But time is running out and so far Republican leaders have not staked out nearly as strong a position as they did four years ago, when they forced Obama to agree to historic cuts to discretionary spending.

If Obama and his Democratic allies were to agree to another round of cuts, they would have much less time at the negotiating table than in 2011.

Treasury Secretary Jack LewJacob (Jack) Joseph LewLobbying World Russian sanctions will boomerang Obama talks up Warren behind closed doors to wealthy donors MORE last week revised the expiration of the debt limit to Nov. 3, two days earlier than previously estimated.

He warned on CNBC’s “Squawk Box” Monday that haggling over the proposal until the last minute could cause an accidental default “that would be terrible.” 

The effort by Paul and Mulvaney to weld some kind of fiscal reforms to a bill raising the debt limit has broad support among conservatives.

The Republican Study Committee (RSC), another conservative group that represents the majority of the House GOP conference, is working on its own plan to balance the federal books in under 10 years and attach it to debt-limit legislation. 

“Let’s say there will be three essential pieces. We still have to reform the spending profile in the federal government; number two is we still need greater economic growth so we’ll have an economic growth provision, and the third thing is we’ve got to have the process that allows us to get those things done,” Rep. Bill FloresWilliam (Bill) Hose FloresLawmakers ask Trump administration to help Gulf oil and gas producers Texas kicks off critical battle for House control Democrats push to end confidentiality for oil companies that don't add ethanol MORE (R-Texas), the chairman of the RSC, told reporters before the Columbus Day recess.  

Flores said the RSC’s plan would reflect the House budget passed earlier this year, which sought to balance the budget in less than a decade.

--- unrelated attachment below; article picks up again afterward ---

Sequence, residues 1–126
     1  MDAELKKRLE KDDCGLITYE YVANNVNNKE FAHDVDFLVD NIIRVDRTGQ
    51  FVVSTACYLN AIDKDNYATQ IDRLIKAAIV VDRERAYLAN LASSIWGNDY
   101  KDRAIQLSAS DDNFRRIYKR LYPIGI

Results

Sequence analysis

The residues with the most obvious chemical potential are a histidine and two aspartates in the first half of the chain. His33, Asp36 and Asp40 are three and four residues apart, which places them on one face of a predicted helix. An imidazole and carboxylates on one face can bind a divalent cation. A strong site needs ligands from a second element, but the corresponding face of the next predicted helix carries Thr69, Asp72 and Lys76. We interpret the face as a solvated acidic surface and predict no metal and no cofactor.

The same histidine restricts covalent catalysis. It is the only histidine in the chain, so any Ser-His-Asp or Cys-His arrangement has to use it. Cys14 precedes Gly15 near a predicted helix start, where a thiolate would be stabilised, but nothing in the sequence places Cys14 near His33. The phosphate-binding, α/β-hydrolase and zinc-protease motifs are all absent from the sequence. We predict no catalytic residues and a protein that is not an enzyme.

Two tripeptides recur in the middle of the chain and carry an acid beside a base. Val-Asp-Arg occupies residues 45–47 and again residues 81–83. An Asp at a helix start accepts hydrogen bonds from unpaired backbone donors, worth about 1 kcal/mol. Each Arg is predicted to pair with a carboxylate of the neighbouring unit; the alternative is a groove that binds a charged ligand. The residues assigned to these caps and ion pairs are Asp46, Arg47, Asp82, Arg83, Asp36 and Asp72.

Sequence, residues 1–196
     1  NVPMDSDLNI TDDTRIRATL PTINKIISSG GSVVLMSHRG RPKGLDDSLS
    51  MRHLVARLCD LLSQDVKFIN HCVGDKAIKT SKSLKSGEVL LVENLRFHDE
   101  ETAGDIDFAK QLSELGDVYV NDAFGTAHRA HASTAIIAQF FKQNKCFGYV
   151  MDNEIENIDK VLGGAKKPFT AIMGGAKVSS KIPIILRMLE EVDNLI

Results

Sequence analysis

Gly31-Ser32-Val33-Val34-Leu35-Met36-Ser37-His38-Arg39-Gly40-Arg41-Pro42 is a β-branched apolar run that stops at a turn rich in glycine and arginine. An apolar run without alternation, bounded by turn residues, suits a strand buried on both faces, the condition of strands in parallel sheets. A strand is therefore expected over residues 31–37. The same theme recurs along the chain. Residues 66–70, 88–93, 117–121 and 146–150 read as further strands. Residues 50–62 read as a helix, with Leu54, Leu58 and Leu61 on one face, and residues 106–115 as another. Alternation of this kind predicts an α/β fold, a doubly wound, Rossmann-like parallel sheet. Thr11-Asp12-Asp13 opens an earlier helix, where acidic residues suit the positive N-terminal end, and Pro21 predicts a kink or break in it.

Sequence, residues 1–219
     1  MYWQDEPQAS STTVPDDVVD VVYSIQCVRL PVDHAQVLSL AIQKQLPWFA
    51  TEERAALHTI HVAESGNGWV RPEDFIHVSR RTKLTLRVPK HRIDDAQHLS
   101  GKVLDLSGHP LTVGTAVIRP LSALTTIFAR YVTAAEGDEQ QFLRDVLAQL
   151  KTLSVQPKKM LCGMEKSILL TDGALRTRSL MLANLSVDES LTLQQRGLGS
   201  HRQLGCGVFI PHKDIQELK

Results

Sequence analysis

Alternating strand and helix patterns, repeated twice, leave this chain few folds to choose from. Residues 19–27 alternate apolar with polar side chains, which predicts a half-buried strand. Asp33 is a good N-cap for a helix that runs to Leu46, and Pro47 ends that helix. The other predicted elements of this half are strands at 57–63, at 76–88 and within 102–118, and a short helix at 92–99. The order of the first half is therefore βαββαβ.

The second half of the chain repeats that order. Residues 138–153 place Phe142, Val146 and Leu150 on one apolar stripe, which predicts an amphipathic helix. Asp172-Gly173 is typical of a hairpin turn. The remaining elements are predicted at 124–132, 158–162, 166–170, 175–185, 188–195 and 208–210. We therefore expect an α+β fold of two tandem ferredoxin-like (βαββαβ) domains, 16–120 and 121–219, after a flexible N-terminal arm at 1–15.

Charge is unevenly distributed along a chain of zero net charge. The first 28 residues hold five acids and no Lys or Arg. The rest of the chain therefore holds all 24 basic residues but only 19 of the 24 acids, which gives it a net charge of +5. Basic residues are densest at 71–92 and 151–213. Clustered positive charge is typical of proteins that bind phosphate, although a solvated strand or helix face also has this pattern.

He said it would be unveiled once lawmakers returned to Washington from the mid-October break.

Conservatives are making their demands in the midst of what they see as a leadership vacuum. 

Lawmakers say Senate Majority Leader Mitch McConnellAddison (Mitch) Mitchell McConnellCongress pulls punches on Russian bounties firestorm Congress under pressure to provide billions for school openings Hillicon Valley: Facebook considers political ad ban | Senators raise concerns over civil rights audit | Amazon reverses on telling workers to delete TikTok MORE (R-Ky.) and Boehner have given them little indication of what the plan is for raising the debt limit or reaching a year-end budget deal. 

“Nobody else is working on a plan. We’ve got to lead and the RSC is leading in this area,” Flores said. 

Moderate Republicans facing tough re-elections, however, are leery about playing hardball with the debt limit, knowing they could be playing with fire.

Even though Congress struck a deal to raise it in 2011 shortly before the deadline, the brinksmanship spurred Standard & Poor’s to lower the nation’s credit rating, which caused the stock market to plummet. 

Before the Columbus Day recess, Sen. Mark KirkMark Steven KirkLiberal veterans group urges Biden to name Duckworth VP On the Trail: Senate GOP hopefuls tie themselves to Trump Biden campaign releases video to explain 'what really happened in Ukraine' MORE (R-Ill.), an endangered incumbent, predicted Republicans would agree to a “fairly clean [debt-limit increase] to make sure we focus members of Congress on the financial integrity of the country.”